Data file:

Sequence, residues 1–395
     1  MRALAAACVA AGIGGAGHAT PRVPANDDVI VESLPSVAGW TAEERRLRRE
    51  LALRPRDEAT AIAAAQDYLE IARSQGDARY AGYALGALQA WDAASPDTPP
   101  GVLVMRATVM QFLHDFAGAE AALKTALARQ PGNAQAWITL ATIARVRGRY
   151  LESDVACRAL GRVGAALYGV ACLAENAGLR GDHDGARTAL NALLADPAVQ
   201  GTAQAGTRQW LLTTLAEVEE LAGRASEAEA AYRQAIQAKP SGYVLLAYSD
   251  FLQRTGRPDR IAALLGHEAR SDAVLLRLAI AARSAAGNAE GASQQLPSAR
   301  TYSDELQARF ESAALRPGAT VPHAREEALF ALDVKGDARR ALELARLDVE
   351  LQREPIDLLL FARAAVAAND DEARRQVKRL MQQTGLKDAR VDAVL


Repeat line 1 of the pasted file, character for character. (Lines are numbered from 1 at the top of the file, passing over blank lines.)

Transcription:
Sequence, residues 1–395